Asmara International Airport serves the city with many international flights. Massawa International Airport is an alternate airport nearby.

Education[edit]

Ministry of Education in Asmara

Asmara is home to the majority of colleges and universities. The city has always been a national centre of education, and is home to many elementary and high schools. Until the recent opening of universities at Mai Nefhi and Sawa, it was the seat of the only university in the country, the University of Asmara. During the period of Ethiopian Federation and annexation, the college was also linked with what was then the nation's largest tertiary institution, Addis Ababa University. Many campuses have been opening up across the country since independence, mainly for medicine and engineering.

University coursework in Eritrea is, for the most part, four years of academic study followed by one year of university national service in a relevant Eritrean Ministry. Once these five years are completed, students are then awarded their degree.

So far, this strategy has been rather successful in adding to the country’s human capital. Despite challenges in trying to equally balance human resources, most Eritreans want their career to help further their country’s success. In other words, most accept their university assignment as their social obligation to serve a bigger purpose.[28]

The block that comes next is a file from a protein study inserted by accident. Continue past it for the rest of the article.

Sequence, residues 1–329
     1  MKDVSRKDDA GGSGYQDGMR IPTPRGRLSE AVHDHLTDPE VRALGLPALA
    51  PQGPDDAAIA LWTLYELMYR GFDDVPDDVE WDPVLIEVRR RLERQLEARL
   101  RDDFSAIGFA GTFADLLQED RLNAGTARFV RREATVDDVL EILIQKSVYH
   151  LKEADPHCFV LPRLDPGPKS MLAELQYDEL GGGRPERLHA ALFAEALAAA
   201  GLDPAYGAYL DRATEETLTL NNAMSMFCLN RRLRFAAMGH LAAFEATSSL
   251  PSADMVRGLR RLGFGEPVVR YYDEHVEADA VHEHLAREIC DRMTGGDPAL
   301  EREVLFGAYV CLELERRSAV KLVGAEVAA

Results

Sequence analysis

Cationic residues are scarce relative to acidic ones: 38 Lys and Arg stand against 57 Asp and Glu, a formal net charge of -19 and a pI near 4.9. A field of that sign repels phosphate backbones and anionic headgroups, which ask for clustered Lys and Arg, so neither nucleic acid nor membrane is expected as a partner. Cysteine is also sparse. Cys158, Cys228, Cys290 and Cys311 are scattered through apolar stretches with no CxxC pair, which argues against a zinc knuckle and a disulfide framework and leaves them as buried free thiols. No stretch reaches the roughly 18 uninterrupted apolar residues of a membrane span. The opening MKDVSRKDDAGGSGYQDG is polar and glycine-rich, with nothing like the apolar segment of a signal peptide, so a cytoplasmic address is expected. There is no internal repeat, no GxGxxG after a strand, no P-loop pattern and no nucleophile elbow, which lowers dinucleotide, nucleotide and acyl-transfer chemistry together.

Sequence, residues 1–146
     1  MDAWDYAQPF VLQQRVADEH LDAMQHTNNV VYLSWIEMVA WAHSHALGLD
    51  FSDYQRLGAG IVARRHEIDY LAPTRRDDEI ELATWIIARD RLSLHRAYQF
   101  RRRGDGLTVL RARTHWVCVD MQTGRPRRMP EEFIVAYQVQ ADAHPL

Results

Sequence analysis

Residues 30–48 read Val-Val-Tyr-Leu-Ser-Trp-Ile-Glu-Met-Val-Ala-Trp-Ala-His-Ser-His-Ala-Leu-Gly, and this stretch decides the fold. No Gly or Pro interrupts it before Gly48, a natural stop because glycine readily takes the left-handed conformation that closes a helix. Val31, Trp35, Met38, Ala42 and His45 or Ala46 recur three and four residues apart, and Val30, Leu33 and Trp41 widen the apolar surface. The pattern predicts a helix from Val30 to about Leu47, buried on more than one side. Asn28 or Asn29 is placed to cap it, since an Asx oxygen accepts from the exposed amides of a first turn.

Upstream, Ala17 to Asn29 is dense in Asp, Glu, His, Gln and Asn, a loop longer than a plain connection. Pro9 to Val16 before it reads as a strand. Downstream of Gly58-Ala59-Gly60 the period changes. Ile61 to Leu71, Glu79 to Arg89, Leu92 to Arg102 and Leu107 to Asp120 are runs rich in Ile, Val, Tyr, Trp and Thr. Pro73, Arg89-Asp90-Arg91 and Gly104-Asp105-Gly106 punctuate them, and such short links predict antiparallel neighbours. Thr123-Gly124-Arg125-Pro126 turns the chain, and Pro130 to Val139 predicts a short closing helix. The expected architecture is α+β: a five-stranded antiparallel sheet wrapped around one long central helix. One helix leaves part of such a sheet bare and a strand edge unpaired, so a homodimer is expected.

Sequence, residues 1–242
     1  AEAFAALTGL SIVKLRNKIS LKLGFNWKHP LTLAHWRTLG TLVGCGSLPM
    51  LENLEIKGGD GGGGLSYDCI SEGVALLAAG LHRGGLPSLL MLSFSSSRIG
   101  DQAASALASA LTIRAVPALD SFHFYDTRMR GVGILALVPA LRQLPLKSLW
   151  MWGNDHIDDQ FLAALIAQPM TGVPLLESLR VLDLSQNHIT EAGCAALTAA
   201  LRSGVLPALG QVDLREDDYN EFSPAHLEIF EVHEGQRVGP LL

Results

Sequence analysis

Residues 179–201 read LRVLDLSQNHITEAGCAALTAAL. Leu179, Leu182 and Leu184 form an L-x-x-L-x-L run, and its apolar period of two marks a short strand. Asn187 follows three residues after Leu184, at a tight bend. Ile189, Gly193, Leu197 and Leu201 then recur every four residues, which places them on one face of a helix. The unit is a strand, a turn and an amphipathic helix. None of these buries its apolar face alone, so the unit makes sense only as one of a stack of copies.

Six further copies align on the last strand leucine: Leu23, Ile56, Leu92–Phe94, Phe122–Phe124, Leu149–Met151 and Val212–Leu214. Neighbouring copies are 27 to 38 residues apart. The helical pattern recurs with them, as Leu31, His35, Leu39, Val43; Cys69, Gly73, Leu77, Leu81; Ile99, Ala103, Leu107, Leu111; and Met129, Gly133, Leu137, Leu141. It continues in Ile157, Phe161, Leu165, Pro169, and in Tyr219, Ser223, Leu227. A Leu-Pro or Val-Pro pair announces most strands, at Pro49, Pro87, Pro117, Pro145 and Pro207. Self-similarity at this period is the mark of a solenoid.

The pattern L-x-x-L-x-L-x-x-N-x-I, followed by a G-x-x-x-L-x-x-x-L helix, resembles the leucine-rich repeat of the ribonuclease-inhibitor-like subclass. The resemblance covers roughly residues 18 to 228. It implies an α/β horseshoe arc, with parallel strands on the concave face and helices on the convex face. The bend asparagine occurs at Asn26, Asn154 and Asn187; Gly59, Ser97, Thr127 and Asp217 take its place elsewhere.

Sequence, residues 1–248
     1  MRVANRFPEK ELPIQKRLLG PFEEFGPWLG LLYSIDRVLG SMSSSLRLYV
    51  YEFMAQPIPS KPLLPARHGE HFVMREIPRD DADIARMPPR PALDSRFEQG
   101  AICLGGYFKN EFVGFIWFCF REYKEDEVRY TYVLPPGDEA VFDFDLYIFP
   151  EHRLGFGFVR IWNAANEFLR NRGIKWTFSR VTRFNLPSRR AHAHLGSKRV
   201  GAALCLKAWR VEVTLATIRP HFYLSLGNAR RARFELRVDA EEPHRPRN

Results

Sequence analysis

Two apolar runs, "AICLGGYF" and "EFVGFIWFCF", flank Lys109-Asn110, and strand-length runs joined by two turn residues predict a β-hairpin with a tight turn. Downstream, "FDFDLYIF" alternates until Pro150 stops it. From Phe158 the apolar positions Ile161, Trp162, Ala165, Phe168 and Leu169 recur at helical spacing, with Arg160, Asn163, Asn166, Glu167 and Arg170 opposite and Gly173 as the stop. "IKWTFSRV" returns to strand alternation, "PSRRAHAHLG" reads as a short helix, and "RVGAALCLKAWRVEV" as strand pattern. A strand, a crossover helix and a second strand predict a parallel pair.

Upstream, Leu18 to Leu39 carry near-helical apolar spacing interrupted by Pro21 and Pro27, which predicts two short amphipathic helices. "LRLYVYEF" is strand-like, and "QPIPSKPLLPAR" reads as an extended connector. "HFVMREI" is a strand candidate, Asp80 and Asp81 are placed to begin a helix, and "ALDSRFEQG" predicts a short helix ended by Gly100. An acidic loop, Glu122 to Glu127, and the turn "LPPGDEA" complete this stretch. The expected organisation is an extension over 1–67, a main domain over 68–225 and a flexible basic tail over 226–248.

Universities and colleges[edit]

Primary and secondary schools[edit]

International schools[edit]

Districts[edit]

Asmara is divided into 13 districts or administrative areas. These districts are subdivided into North, North-West, North-East, South-East, South-West, East, West and Central areas. The thirteen districts (or Neous Zobas) are:

North
  • Acria District
  • Abbashaul District
  • Edaga Hamus District
North-East
  • Arbaete Asmara District
North-West
  • Mai Temenai District
  • Paradiso District
South-West
  • Sembel District
South-East
  • Kahawuta District
  • Godaif District
Central
  • Maakel Ketema District
West
  • Gheza Banda District
  • Tsetserat District
East
  • Tiravolo District
  • Gejeret District

References[edit]

  1. ^ "CIA - The World Factbook". Retrieved 2 September 2012.
  2. ^ "Eritrea capital Asmara makes World Heritage list". BBC News. Retrieved 2017-07-08.